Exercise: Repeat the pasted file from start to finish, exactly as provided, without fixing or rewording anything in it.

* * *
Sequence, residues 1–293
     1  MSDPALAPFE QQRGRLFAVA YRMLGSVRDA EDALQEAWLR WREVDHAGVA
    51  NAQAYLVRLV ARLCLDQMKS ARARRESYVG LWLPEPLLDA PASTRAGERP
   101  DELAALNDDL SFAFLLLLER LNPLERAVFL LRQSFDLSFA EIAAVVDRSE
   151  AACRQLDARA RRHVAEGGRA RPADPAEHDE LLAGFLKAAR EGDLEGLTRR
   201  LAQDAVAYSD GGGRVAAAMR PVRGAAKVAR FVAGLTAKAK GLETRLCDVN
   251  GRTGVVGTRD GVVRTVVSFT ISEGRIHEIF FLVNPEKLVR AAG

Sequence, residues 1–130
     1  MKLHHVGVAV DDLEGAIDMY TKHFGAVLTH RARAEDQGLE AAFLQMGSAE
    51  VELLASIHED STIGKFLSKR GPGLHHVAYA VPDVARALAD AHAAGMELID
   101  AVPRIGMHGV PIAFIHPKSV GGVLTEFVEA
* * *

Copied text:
Sequence, residues 1–293
     1  MSDPALAPFE QQRGRLFAVA YRMLGSVRDA EDALQEAWLR WREVDHAGVA
    51  NAQAYLVRLV ARLCLDQMKS ARARRESYVG LWLPEPLLDA PASTRAGERP
   101  DELAALNDDL SFAFLLLLER LNPLERAVFL LRQSFDLSFA EIAAVVDRSE
   151  AACRQLDARA RRHVAEGGRA RPADPAEHDE LLAGFLKAAR EGDLEGLTRR
   201  LAQDAVAYSD GGGRVAAAMR PVRGAAKVAR FVAGLTAKAK GLETRLCDVN
   251  GRTGVVGTRD GVVRTVVSFT ISEGRIHEIF FLVNPEKLVR AAG

Sequence, residues 1–130
     1  MKLHHVGVAV DDLEGAIDMY TKHFGAVLTH RARAEDQGLE AAFLQMGSAE
    51  VELLASIHED STIGKFLSKR GPGLHHVAYA VPDVARALAD AHAAGMELID
   101  AVPRIGMHGV PIAFIHPKSV GGVLTEFVEA